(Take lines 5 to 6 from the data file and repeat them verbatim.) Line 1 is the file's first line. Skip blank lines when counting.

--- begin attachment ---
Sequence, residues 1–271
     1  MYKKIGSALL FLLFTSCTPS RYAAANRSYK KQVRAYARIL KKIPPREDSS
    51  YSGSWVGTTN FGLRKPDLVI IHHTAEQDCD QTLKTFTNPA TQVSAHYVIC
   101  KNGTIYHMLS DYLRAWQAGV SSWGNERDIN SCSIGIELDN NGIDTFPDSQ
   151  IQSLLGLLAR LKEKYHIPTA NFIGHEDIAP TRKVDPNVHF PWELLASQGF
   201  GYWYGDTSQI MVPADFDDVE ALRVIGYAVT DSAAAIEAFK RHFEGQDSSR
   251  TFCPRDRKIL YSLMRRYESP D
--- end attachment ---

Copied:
   151  IQSLLGLLAR LKEKYHIPTA NFIGHEDIAP TRKVDPNVHF PWELLASQGF
   201  GYWYGDTSQI MVPADFDDVE ALRVIGYAVT DSAAAIEAFK RHFEGQDSSR